I've had mine running pretty much flat out a few times, once tied up in a lock. I wanted to know that the engine and cooling system were happy at those conditions and thought Id rather find out in a controlled test than in a real emergency. However we have the humble JD3 that revs to about 1300 whilst the base John Deere engine is good to at least 2400 so I knew there was little chance of breaking anything.

 

................Dave 

Share this post


Link to post
Share on other sites

whatever the maximum design speed is for an engine, that is the red line. For instance, my car red lines at 10000 RPM and my motorbike at 6500 RPM. I would run the car up to 6500 easily and be happy thrashing it up to 9000, but if I ran the bike all the time at 6500 I would soon wreck the engine, so for the same reason I wouldn't run an engine with a maximum design speed of 1200 RPM at that speed.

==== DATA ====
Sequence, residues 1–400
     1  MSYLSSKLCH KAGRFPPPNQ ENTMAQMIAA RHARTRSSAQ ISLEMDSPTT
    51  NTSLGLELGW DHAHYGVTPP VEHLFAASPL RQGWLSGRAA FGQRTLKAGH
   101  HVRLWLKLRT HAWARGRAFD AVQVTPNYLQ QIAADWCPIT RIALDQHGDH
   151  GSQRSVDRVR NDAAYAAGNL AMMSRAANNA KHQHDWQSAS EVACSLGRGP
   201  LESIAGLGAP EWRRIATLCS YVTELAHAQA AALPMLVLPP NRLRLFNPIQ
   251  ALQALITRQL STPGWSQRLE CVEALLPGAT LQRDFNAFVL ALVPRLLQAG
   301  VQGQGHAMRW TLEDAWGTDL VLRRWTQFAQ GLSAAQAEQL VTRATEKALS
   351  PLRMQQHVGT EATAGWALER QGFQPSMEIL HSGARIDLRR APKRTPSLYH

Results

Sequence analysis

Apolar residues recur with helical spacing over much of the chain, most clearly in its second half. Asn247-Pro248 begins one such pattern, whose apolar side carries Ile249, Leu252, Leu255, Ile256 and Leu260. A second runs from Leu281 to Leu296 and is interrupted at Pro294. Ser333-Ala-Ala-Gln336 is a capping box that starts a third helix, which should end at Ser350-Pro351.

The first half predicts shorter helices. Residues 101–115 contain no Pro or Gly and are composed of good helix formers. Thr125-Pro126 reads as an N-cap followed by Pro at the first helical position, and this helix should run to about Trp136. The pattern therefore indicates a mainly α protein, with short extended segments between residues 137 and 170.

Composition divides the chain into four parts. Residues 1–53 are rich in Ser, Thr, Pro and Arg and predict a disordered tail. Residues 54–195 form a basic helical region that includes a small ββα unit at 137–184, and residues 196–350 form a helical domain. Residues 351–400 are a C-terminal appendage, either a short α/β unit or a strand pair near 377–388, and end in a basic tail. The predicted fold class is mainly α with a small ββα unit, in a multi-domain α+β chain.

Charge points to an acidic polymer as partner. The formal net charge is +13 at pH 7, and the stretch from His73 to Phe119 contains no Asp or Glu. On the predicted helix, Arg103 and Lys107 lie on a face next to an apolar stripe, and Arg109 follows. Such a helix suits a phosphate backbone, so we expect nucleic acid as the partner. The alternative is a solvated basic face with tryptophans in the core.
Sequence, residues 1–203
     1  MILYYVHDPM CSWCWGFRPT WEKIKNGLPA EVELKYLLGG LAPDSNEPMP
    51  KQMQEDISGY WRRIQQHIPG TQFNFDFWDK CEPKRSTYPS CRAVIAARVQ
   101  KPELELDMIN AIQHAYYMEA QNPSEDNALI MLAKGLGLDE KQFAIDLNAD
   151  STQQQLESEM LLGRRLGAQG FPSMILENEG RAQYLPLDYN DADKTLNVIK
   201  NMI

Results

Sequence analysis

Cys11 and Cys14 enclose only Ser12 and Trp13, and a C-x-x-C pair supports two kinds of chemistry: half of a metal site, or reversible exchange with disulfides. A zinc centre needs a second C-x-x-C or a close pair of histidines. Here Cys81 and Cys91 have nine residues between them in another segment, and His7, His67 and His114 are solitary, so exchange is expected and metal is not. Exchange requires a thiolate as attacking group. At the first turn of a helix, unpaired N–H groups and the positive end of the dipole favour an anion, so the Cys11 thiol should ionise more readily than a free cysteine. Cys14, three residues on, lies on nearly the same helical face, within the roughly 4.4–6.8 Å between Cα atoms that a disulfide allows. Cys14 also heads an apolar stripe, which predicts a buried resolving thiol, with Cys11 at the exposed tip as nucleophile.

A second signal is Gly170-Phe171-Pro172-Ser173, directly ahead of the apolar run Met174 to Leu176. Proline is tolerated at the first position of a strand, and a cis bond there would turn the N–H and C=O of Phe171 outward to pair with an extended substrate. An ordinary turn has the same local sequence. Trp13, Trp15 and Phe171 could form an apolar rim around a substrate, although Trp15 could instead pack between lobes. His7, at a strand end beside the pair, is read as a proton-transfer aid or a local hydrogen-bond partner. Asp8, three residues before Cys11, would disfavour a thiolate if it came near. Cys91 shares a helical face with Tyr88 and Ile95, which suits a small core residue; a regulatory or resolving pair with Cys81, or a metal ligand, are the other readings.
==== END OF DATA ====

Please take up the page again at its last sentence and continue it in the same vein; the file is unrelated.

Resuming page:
Share this post


Link to post
Share on other sites
4 hours ago, ditchcrawler said:

Try pointing it an mains powered led light it may just measure the mains frequency

If you’ve got a smart phone you can download a strobe light and use that against a mark on a pulley.  If you have a iPhone try “strobe light tachometer” app

Edited by Robbo

Share this post


Link to post
Share on other sites

Create an account or sign in to comment

You need to be a member in order to leave a comment

Create an account

Sign up for a new account in our community. It's easy!

Register a new account

Sign in

Already have an account? Sign in here.

Sign In Now

  • Recently Browsing   0 members

    No registered users viewing this page.

×

Important Information

We have placed cookies on your device to help make this website better. You can adjust your cookie settings, otherwise we'll assume you're okay to continue.